Perhaps your competition decides to expand they are ultimately going to be able to undercut you on price and will take away your market share for the remainder of the product cycle, and you might never get it back. Than again it could turn out to be a very poor investment for them if that super wonder widget is devised early on and you have capital on the sidelines available get your new plant ready. Your copetitor might go bankrupt with a plant they can nologer use, it will have been a poor investment.

      Something has happen this past decade where for some reason investors think they are entitlted to profits when they make good calls but should be protected from losses when they make bad ones; THATS NOT HOW CAPITALISM IS SUPPOSED TO WORK FOLKS! You win some you lose some; if you work hard and smart you should win more than others nore than you loose/.

      • by selven (1556643)

        It's not a stupid argument, it's sarcasm. The lawyer for the plaintiff (ie. the one stating that the electronics companies are price fixing) is offering a motive because of which they would price fix.

      • What you don't recognize is, that these companies make both the old and new technology. Companies doesn't have to compete with themselves.

    • TV is squarely in the sights of the Internet, as local stations get disintermediated. Radio is very special; TV buggy-whipped.it out of the major home entertainment slot a long time ago, and so it has adapted to providing news, opinion, and background music for cars and workplaces. The equipment is ridiculously cheap and portable. Production costs are very low - your local TV station can't afford to put together much more than the news and maybe a local culture show, so it can't compete with major networ
    • by sjames (1099)

      Dumb buggy whip manufacturers try to get automobiles banned. Less dumb ones encourage excessive and useless safety regulations on automobiles. Smart ones quietly support "grass roots" efforts to prevent refineries from being built.

  • If they've made enough profit so far, then they have the resources to retool a factory and keep rolling. I seriously doubt they wait until they meet at trade organization forums to discuss price fixing.
  • by adosch (1397357) on Saturday February 27, 2010 @10:36AM (#31296878)

    Instead of the price fixing to get the most diluted depreciation value out of the plant and an unrealistic ROI based on trying to salvage existing old technology so it takes long to flood the market with new technology, maybe big corporation needs to look at other avenues like recycling their own product. Let's be honest, these big corps already provide us with the end product we want, they should take advantage of recouping some of their manufacturing costs by providing a place we can send in their own product so we can buy their new product. It'll make them cash and keep a customer base.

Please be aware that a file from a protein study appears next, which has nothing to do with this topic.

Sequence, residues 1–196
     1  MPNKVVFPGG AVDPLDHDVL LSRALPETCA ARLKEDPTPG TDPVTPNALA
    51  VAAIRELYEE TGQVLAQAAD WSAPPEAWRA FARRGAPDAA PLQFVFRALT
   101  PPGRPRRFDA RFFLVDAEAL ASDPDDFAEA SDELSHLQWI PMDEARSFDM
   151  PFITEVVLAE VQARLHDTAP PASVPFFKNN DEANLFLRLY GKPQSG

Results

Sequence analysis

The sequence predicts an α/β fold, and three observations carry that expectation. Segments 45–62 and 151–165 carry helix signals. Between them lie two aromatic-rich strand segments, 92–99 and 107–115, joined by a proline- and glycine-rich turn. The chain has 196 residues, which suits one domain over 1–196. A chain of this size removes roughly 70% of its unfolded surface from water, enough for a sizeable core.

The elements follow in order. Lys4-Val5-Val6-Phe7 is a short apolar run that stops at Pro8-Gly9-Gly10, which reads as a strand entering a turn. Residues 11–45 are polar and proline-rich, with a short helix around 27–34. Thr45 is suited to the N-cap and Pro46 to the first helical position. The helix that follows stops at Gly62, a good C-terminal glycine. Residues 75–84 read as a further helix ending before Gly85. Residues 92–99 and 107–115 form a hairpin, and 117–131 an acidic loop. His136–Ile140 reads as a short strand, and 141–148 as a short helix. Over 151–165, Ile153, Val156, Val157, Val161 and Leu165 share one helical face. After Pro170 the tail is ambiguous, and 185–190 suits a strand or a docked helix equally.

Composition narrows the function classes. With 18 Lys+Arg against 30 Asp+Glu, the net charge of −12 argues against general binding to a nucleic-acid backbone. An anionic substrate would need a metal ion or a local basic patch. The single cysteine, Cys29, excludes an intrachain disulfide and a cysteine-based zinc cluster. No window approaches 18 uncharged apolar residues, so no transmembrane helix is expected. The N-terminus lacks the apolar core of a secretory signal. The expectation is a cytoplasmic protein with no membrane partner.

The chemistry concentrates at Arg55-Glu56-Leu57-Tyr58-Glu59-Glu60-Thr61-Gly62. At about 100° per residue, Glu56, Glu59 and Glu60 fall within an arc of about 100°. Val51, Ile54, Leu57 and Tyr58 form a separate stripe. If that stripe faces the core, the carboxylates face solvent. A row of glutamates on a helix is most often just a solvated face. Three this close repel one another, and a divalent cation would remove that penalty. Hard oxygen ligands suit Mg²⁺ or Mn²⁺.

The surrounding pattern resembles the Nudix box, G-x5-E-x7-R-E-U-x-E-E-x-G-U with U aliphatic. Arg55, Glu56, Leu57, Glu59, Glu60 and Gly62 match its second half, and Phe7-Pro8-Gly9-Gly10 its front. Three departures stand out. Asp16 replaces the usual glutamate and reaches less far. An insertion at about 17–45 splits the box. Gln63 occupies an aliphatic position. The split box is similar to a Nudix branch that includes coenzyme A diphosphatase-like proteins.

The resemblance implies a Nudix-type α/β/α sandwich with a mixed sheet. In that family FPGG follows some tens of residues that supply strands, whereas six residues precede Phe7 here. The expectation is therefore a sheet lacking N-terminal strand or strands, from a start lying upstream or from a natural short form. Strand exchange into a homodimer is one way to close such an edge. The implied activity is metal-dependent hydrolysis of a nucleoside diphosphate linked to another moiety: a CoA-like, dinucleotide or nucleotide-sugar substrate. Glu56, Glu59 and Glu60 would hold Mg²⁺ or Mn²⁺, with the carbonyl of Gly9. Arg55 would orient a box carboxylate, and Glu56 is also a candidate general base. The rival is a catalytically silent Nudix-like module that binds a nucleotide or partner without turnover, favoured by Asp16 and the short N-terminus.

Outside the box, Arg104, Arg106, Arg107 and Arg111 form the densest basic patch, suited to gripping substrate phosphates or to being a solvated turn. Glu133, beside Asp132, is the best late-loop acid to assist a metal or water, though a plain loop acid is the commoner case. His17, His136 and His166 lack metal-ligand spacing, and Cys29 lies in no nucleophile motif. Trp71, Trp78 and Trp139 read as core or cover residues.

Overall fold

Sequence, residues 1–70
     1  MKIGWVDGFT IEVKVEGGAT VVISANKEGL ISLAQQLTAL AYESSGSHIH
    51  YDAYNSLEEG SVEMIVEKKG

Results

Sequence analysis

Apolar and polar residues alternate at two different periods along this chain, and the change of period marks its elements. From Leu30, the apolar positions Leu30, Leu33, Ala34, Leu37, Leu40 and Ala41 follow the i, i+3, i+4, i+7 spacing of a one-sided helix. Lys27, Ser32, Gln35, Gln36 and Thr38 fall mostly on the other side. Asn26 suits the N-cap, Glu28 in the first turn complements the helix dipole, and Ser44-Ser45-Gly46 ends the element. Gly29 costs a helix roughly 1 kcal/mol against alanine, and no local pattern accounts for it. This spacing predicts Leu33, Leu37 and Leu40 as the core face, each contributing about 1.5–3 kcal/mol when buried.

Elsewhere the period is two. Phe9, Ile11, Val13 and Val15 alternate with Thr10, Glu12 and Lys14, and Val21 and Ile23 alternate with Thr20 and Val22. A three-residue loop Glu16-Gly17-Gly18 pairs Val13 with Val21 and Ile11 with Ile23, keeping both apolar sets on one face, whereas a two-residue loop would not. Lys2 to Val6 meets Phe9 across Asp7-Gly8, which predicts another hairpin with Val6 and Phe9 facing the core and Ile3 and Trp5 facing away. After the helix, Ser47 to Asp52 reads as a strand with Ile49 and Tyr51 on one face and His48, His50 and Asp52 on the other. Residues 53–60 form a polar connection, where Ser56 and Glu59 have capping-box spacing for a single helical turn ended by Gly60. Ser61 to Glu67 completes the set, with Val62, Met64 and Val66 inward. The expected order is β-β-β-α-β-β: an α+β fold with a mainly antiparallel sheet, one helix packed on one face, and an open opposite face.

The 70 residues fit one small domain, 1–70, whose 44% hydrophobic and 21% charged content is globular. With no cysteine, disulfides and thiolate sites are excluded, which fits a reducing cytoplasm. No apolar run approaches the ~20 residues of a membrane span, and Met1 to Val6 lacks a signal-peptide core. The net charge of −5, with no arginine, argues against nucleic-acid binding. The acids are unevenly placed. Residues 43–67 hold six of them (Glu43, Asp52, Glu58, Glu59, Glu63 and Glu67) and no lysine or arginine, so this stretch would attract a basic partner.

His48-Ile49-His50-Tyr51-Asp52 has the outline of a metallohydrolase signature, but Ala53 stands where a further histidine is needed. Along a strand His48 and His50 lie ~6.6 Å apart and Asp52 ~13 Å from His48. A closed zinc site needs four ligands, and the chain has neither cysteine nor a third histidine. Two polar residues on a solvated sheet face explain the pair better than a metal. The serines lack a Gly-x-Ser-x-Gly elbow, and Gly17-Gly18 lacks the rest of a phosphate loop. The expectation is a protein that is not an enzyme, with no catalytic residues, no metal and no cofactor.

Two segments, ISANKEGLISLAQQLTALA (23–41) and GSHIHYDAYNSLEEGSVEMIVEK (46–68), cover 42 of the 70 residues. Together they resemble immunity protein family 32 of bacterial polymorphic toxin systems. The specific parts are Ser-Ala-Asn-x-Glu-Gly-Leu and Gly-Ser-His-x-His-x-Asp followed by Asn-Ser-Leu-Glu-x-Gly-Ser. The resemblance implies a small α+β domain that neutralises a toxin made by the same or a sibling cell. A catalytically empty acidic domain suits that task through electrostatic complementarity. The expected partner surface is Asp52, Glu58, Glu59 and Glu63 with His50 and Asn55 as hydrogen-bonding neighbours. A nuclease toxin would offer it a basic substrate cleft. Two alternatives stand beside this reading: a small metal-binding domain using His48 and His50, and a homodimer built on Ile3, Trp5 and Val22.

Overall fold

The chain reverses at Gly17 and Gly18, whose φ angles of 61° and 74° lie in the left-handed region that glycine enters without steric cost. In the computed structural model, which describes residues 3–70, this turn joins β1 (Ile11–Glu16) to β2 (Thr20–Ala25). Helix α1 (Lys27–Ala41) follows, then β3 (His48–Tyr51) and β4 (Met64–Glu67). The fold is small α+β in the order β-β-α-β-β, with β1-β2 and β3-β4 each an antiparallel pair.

I willingly look for places to properly recycle my aging computer equipment and gadgets for free and they make 100% profit off whatever they can scrape off it. I was happy because I made my wife happy getting rid of stuff sitting around and the recyclers was happy they made some cash. Only makes sense instead of stifling the market.

    • Nowadays every half decent city has an electronics recycling centre or two. In Calgary, you can take your old schtuff to Staples and Future Shop (Best Buy in the US). The recyclers pick it up there.
    • by Kjella (173770)

      The thing is that if it's got value then they'd be competing against eBay, craigslist, flea markets and whatever else second hand markets there are. There's no particular value to buying it from the manufacturer's second hand shop. The whole business model and process is completely different, there's no reason to think they'd be any good at it.

      • There's no particular value to buying it from the manufacturer's second hand shop.

        Tell that to $company certified used car lots.

    • by CAIMLAS (41445) on Saturday February 27, 2010 @11:46AM (#31297304) Homepage

      I willingly look for places to properly recycle my aging computer equipment and gadgets for free and they make 100% profit off whatever they can scrape off it

      And I want a pony, and a penguin, and ride on a spaceship! For Christmas, please, mommy!

      I hope you realize that the reason why free recycling is not available is because it costs money. A lot of money: it doesn't turn anyone a profit (except for Office Depot, charging people $20 a box to send your computer to a Chinese dump). It's also very dirty business.

      If there was actual money to be made doing recycling, there'd be a lot of people doing it.

      • Re: (Score:3, Insightful)

        Instead of recycling, maybe we should go with another R, like reuse, and ship the old computers to people who might be able to use them, say, in the third world countries. It's likely cheaper than recycling everything.
      • by azenpunk (1080949)

        Fry's has an annual "Come dump your old crap here for free" day. Of course it's also an annual "buy replacements while you're here" day.

  • Useless (Score:4, Insightful)

    by oldhack (1037484) on Saturday February 27, 2010 @10:48AM (#31296928)
    Why don't they go after telecom and cable? I know of nobody complaining about dvd players.